15. The appointment of a Special Officer with a direction to inquire into the commission of an offence can only be on the basis that there has not been a proper investigation.There is a well defined hierarchical administrative set up of the police in the State of West Bengal as in all other States and to have created a new channel of inquiry or investigation is likely to create an impression that everything is not well with the statutory agency and it is likely to cast a stigma on the regular police hierarchy. We are inclined to agree with Mr. Chatterjee for the appellant that in the facts and circumstances of the case and keeping the nature of the order made in view, the direction to appoint a Special Officer with powers to inquire should not have been made until the appellants had been given a hearing and the Court had the papers of investigation laid before it for being prim facie satisfied that the investigation had either not been proper or adequate.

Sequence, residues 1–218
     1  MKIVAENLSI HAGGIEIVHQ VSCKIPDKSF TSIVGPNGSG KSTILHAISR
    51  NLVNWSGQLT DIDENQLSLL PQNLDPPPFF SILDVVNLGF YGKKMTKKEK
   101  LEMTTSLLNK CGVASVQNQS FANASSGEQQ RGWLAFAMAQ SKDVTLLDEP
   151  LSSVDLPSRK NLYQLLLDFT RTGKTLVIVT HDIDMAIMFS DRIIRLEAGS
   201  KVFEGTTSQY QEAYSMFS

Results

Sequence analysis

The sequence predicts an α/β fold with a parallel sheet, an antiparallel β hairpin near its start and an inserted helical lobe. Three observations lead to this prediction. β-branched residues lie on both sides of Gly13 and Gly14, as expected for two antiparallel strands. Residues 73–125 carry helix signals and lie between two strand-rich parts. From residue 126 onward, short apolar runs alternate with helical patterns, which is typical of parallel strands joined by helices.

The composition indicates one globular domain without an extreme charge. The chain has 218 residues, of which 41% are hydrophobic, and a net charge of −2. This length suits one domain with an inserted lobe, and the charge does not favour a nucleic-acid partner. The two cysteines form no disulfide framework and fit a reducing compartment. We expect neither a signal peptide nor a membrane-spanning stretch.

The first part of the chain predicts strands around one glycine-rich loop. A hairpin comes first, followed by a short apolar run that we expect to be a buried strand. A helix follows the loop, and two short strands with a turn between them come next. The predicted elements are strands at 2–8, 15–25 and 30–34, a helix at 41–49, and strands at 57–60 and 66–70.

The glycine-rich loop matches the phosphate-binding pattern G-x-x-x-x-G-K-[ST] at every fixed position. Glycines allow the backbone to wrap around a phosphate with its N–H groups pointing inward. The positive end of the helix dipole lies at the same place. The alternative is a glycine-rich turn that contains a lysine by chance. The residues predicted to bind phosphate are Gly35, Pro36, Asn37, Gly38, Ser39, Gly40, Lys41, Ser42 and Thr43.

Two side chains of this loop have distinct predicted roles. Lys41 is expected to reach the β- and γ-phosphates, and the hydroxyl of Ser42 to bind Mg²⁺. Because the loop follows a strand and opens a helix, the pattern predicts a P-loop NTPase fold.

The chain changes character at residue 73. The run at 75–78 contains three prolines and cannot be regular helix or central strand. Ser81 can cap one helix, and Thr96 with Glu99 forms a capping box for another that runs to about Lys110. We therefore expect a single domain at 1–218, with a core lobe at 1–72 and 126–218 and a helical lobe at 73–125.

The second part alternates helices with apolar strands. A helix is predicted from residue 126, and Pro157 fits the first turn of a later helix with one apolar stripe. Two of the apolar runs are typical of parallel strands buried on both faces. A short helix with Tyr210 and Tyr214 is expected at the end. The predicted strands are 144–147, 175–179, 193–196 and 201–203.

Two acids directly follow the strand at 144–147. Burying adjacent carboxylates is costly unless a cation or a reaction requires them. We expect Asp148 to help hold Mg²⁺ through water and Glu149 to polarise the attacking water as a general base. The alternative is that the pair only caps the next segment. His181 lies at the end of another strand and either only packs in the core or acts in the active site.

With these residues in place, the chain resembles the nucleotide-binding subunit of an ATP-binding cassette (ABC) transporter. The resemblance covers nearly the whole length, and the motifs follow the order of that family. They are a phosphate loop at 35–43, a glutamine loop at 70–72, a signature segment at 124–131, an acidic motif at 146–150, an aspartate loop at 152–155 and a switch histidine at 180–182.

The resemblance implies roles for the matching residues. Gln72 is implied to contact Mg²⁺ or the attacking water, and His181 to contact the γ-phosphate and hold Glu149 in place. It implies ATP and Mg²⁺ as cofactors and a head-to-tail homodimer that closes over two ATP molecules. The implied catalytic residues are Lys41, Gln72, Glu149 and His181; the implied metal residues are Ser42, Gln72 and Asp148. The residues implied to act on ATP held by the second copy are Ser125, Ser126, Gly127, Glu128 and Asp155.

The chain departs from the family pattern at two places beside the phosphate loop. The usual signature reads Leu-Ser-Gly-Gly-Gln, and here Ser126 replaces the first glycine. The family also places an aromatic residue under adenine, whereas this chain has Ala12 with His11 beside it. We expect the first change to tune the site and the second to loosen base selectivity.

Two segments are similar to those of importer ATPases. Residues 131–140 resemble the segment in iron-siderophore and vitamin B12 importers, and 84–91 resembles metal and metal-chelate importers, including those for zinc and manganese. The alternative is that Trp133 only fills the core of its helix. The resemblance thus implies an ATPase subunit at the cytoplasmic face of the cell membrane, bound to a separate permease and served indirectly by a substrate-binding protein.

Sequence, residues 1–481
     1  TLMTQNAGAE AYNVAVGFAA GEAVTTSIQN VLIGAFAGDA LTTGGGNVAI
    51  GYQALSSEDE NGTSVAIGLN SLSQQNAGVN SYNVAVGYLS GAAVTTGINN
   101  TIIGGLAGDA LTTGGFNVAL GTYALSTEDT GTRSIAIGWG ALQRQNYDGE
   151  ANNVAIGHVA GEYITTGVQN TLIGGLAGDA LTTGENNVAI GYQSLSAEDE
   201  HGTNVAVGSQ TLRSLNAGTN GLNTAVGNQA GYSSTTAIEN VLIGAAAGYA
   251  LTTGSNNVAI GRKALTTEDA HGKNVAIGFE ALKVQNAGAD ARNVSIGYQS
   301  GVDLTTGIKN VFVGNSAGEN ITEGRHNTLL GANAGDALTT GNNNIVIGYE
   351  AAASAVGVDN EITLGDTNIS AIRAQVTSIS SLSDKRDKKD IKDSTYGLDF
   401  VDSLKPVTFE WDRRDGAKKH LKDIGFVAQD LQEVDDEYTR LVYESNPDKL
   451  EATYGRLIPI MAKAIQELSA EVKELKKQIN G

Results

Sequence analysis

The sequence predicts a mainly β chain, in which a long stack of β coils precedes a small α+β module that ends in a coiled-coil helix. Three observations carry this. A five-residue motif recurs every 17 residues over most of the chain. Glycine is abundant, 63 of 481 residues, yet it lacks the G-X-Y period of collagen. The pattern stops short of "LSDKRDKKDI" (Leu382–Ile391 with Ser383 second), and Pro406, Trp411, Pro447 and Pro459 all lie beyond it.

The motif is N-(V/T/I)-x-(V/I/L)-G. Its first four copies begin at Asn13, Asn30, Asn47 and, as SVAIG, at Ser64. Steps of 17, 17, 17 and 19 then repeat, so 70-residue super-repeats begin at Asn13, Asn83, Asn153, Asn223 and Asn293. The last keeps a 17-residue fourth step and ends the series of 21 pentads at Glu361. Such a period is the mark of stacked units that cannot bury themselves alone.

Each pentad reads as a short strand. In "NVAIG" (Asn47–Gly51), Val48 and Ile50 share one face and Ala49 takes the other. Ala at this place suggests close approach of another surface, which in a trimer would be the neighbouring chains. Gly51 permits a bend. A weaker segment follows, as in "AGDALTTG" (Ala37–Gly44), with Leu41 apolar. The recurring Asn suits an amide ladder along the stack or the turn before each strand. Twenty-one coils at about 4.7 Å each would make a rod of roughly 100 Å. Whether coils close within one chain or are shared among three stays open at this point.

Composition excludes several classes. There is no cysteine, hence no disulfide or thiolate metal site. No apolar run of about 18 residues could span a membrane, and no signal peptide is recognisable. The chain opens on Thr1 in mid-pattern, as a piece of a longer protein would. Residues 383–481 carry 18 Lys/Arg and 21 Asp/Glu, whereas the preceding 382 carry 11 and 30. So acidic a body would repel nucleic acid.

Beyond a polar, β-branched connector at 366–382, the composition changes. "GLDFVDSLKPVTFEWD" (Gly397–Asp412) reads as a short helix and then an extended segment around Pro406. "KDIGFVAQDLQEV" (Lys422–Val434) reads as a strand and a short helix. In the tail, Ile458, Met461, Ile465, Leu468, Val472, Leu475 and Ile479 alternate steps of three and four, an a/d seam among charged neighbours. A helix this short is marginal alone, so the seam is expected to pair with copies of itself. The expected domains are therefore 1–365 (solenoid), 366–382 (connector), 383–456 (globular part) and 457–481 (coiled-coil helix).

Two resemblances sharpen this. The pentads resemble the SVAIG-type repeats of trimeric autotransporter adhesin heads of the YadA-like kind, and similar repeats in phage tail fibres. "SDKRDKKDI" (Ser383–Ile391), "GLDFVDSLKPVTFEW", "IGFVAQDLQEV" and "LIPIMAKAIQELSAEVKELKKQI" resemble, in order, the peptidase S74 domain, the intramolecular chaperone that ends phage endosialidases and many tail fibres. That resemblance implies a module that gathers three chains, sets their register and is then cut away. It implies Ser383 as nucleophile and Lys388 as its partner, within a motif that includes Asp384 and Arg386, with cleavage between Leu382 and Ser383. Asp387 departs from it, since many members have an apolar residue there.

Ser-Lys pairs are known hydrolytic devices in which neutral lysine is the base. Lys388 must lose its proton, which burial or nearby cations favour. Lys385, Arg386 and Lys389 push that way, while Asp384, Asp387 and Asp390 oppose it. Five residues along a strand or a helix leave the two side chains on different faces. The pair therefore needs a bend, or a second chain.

16. The procedure laid down in the Code is clear and definite. It may be that in a given case the Court on being prima facie satisfied from circumstances appearing from the record that the statutory agency has not worked in an effective way or the circumstances are such that it may reasonably be presumed or inferred that the statutory agency may not be able to discharge its function of investigation fairly and impartially might reasonably consider supplementing the procedure; but as we have already indicated, there was no adequate material on the record for the learned single judge to be satisfied that the facts warranted appointment of a Special Officer.